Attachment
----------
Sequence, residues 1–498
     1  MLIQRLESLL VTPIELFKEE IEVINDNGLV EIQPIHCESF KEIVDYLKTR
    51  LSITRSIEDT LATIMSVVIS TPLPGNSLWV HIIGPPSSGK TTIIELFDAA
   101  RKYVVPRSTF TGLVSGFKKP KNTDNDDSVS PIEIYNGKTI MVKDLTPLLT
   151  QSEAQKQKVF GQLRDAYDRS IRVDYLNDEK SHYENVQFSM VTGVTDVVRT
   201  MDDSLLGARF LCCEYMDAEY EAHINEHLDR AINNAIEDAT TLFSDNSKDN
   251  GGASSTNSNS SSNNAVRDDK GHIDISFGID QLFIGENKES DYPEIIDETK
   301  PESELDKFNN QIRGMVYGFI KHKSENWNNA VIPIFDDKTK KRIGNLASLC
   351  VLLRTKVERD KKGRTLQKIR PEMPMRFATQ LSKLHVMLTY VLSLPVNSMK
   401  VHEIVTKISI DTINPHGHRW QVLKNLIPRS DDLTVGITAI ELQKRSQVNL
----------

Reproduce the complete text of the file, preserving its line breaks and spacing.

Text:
Sequence, residues 1–498
     1  MLIQRLESLL VTPIELFKEE IEVINDNGLV EIQPIHCESF KEIVDYLKTR
    51  LSITRSIEDT LATIMSVVIS TPLPGNSLWV HIIGPPSSGK TTIIELFDAA
   101  RKYVVPRSTF TGLVSGFKKP KNTDNDDSVS PIEIYNGKTI MVKDLTPLLT
   151  QSEAQKQKVF GQLRDAYDRS IRVDYLNDEK SHYENVQFSM VTGVTDVVRT
   201  MDDSLLGARF LCCEYMDAEY EAHINEHLDR AINNAIEDAT TLFSDNSKDN
   251  GGASSTNSNS SSNNAVRDDK GHIDISFGID QLFIGENKES DYPEIIDETK
   301  PESELDKFNN QIRGMVYGFI KHKSENWNNA VIPIFDDKTK KRIGNLASLC
   351  VLLRTKVERD KKGRTLQKIR PEMPMRFATQ LSKLHVMLTY VLSLPVNSMK
   401  VHEIVTKISI DTINPHGHRW QVLKNLIPRS DDLTVGITAI ELQKRSQVNL